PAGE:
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Maunakea Skies: ‘Cracking the Code of Existence’

Posted January 11, 2017, 04:00 PM HST
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Canada-France-Hawaii Telescope courtesy photo.

New knowledge streaming from Maunakea’s summit is an essential part of this epic quest to crack the code of existence itself through advanced mathematics, physics and astronomy.

Real progress is being made in the remarkable yet notoriously difficult task…

Learn more about “Cracking the Code of Existence: Universal Questions and Answers from Maunakea” at ‘Imiloa’s Maunakea Skies talk on Friday, Jan. 20, at 7 p.m. with Dr. Doug Simons, executive director of the Canada-France-Hawaii Telescope.

Dr. Doug Simons, executive director of the Canada-France-Hawaii Telescope. Courtesy photo.

Dr. Simons will delve into “precision cosmology,” a term he describes would have earned a chuckle from fellow astronomers when used not long ago.

Cosmology studies the structure, evolution and origin of the entire universe, and requires observations of objects near the edge of the visible universe—making it increasingly difficult to make real progress.

For centuries, cosmology measurements have been notoriously incorrect, but times have changed. Measurements made over the past decade, including those using instruments on Maunakea, give real merit to the term “precision cosmology.”

Combined with advances in high-energy physics which can replicate conditions of the Big Bang, 21st-century cosmology is now yielding insights into some of the most perplexing questions we know how to ask, including “where did the universe come from?” or “how can you make something out of nothing?”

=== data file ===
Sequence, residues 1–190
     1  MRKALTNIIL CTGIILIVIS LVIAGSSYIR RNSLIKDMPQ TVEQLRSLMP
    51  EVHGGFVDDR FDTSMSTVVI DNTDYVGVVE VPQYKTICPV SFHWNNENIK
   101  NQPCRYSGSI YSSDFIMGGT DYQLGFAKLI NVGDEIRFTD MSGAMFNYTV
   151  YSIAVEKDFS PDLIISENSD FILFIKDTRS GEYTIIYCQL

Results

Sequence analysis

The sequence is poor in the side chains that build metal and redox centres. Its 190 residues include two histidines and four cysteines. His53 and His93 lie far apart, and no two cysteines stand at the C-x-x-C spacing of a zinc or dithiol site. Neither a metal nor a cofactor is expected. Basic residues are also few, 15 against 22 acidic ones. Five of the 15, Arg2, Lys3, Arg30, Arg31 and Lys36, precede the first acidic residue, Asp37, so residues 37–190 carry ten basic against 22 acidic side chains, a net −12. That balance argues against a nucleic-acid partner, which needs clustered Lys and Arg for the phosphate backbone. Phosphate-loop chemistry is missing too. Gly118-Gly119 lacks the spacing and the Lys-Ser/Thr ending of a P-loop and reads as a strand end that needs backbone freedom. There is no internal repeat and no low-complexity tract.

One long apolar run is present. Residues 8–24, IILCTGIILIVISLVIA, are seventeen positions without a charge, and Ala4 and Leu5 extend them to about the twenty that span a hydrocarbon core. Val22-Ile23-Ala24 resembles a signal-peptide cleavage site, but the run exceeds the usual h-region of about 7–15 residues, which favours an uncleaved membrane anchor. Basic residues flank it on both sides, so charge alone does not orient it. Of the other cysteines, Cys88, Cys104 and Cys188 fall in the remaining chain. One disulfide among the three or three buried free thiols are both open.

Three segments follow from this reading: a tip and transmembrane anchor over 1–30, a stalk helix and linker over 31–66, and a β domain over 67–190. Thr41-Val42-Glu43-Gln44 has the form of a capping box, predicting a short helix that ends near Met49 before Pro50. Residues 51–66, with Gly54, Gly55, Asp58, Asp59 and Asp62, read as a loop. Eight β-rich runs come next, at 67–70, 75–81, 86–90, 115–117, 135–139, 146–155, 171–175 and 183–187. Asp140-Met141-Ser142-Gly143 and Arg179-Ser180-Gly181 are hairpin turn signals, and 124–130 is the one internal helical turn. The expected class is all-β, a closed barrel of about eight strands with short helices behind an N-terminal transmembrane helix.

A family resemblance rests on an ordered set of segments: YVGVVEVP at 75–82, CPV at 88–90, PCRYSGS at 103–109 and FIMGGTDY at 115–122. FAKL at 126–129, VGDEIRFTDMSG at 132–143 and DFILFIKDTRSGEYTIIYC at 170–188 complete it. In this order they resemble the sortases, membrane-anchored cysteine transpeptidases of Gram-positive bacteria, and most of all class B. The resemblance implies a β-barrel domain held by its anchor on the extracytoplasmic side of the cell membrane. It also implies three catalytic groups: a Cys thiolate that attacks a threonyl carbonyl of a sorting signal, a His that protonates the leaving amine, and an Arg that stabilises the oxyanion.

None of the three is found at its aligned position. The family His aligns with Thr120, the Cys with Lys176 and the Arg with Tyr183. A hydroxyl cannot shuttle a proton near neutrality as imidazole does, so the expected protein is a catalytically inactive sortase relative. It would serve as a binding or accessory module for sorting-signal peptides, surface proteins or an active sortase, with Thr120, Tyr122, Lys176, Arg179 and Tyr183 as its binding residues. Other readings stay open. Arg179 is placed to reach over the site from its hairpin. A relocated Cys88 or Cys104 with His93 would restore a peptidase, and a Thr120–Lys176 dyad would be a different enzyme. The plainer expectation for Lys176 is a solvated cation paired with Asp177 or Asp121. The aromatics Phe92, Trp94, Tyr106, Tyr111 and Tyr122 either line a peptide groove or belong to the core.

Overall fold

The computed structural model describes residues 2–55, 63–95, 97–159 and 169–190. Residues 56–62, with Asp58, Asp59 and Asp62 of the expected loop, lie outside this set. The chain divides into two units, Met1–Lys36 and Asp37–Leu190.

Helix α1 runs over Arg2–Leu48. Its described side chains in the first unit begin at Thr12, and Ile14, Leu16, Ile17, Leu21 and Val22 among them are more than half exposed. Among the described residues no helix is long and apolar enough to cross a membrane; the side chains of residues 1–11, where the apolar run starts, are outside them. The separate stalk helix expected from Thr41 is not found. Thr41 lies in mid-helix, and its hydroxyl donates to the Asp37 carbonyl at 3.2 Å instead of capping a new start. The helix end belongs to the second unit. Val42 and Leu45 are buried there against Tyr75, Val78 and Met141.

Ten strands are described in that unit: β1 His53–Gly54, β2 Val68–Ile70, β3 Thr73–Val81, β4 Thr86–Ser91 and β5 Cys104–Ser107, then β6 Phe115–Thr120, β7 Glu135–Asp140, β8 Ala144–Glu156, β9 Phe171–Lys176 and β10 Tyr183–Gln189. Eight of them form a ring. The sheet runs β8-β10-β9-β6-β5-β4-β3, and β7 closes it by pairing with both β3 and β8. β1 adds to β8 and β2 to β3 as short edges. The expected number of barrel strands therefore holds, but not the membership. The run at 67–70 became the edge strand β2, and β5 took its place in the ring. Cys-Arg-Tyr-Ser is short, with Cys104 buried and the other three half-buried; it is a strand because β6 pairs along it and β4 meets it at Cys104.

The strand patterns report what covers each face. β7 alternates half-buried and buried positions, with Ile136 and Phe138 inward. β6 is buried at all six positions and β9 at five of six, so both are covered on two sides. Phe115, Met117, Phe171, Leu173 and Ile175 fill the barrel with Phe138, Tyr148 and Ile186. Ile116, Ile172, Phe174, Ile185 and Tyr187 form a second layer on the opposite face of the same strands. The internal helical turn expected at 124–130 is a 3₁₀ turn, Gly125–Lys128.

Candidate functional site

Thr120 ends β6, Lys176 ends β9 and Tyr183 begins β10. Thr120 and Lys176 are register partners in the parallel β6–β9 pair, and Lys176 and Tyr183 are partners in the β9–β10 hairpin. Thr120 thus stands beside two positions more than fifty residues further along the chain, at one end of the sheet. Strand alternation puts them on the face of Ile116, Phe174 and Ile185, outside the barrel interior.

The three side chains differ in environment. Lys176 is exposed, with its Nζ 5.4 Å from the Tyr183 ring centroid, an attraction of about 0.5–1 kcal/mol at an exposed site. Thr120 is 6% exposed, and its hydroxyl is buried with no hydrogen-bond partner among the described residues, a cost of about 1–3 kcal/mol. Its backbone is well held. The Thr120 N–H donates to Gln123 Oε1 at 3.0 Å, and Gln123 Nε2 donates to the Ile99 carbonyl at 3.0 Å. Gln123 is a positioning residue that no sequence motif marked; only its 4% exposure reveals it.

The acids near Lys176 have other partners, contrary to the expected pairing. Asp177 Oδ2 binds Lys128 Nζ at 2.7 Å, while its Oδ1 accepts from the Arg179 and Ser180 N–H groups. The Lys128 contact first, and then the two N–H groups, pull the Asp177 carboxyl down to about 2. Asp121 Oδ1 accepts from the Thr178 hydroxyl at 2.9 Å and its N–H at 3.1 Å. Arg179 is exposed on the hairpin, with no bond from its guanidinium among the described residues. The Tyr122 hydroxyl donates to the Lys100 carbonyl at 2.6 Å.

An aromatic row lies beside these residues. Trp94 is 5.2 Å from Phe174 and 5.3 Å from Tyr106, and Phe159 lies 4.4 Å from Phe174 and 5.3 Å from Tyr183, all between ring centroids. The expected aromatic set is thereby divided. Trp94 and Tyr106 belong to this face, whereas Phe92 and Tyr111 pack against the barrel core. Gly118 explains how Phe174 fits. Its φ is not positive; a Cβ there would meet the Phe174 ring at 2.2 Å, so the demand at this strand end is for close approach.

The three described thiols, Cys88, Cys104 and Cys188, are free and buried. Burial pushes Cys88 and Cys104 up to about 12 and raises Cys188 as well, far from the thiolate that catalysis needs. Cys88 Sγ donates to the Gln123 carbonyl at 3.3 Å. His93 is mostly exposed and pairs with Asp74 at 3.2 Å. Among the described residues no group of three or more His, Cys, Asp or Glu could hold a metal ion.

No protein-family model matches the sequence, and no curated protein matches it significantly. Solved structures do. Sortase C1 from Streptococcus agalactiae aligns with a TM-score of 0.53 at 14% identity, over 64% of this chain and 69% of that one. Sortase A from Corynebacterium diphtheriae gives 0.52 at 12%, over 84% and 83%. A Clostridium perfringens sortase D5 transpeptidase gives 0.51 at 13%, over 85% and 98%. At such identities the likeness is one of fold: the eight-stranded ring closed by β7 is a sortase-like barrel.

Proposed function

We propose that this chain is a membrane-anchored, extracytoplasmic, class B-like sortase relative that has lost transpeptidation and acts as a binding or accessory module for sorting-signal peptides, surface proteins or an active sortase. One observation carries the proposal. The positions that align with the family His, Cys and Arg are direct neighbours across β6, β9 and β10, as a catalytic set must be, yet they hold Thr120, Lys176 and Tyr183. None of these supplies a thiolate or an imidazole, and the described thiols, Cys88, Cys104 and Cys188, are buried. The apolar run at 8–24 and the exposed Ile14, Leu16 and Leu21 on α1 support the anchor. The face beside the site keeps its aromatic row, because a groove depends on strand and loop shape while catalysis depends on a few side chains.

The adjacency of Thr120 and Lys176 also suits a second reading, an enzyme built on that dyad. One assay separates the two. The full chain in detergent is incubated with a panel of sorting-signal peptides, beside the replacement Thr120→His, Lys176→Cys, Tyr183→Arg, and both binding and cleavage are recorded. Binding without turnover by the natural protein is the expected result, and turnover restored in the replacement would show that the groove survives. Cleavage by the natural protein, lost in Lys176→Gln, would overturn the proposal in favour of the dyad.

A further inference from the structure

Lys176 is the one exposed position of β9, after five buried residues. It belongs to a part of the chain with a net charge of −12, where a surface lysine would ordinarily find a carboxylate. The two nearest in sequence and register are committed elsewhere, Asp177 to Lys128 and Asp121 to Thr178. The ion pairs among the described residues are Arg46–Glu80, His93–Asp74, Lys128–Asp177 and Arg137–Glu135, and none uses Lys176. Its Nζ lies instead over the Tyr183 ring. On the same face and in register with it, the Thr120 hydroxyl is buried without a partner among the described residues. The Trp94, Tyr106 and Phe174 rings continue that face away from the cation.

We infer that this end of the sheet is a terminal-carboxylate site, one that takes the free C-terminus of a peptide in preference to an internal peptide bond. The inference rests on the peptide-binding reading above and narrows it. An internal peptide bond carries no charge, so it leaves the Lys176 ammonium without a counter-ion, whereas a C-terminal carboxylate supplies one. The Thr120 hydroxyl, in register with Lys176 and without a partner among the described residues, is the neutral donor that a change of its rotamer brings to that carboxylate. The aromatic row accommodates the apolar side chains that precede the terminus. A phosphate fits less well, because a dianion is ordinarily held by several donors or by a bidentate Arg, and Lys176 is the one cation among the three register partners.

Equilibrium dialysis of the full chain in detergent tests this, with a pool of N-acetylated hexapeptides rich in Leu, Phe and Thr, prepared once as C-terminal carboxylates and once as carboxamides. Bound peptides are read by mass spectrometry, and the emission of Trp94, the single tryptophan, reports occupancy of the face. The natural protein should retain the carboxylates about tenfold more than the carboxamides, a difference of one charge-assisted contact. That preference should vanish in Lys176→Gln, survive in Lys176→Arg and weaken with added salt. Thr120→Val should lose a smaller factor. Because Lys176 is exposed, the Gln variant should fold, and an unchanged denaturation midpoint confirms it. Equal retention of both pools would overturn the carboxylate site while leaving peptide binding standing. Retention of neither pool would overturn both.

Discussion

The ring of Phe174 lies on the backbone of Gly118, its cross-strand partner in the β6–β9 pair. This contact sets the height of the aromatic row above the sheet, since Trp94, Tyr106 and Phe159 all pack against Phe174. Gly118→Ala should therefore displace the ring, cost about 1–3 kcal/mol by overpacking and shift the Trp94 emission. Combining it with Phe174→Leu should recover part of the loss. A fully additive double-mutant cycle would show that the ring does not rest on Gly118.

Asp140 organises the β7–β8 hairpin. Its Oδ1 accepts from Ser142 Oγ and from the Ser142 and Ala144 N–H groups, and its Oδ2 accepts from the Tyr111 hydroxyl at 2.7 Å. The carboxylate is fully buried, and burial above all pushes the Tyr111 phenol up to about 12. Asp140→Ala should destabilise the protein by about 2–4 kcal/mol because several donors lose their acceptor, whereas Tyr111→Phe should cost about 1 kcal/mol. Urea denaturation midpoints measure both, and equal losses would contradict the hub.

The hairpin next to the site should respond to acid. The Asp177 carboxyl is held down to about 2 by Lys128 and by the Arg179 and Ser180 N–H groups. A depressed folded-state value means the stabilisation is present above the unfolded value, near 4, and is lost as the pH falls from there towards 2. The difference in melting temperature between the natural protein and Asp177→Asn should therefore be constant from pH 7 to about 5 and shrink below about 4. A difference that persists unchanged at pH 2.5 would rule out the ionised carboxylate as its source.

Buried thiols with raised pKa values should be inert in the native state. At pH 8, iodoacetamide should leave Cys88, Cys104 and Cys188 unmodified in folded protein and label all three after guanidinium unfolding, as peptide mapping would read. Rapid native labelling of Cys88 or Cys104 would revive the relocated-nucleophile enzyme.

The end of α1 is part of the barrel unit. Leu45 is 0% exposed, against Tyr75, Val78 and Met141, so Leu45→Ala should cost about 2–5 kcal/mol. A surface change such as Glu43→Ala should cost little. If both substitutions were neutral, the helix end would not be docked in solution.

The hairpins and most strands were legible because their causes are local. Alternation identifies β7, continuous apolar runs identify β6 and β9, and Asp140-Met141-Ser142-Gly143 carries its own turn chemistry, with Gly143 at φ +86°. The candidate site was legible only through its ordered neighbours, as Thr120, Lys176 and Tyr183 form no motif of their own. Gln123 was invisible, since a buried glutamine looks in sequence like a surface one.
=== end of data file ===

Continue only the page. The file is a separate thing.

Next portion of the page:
As we search for the answers to these questions, we are lead to utterly astonishing insights, as we are forced to come to grips with the phenomenally improbable nature of our universe.

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Interwoven with the marvels of precision cosmology, Dr. Simons will also share perspectives about the conflict over Maunakea and the challenges between science and culture. This misperception is easily challenged by probing far deeper than terms like “sacred” or “science” allow. These polarizing comfort zones melt away when confronted by fundamental truths spawned not by people, but nature.

Hosted by Planetarium Technician Emily Peavy, ‘Imiloa’s monthly Maunakea Skies program includes observational highlights of the current night sky over Hawai‘i, with the audience able to view prominent constellations and stars visible during this time of year.

Maunakea Skies planetarium presentations are held on the third Friday of each month. General admission tickets are $10; $8 for members (member level discounts apply).

Pre-purchase tickets at ‘Imiloa’s front desk or by phone at 808-932-8901.

‘Imiloa is located at 600 ‘Imiloa Place in Hilo, off of Komohana and Nowelo Streets at the UH Hilo Science and Technology Park.

For more information, visit www.ImiloaHawaii.org.

The ‘Imiloa Astronomy Center of Hawai‘i is a world-class center for informal science education located on the University of Hawai‘i campus. Its centerpiece is a 12,000-square-foot exhibit hall, showcasing astronomy and Hawaiian culture as parallel journeys of human exploration guided by the light of the stars. The visitor experience is amplified with programming using ‘Imiloa’s 3D full dome planetarium and 9 acres of native landscape gardens. The center welcomes approximately 100,000 visitors each year, including 10,000-plus schoolchildren on guided field trips and other educational programs.                                           

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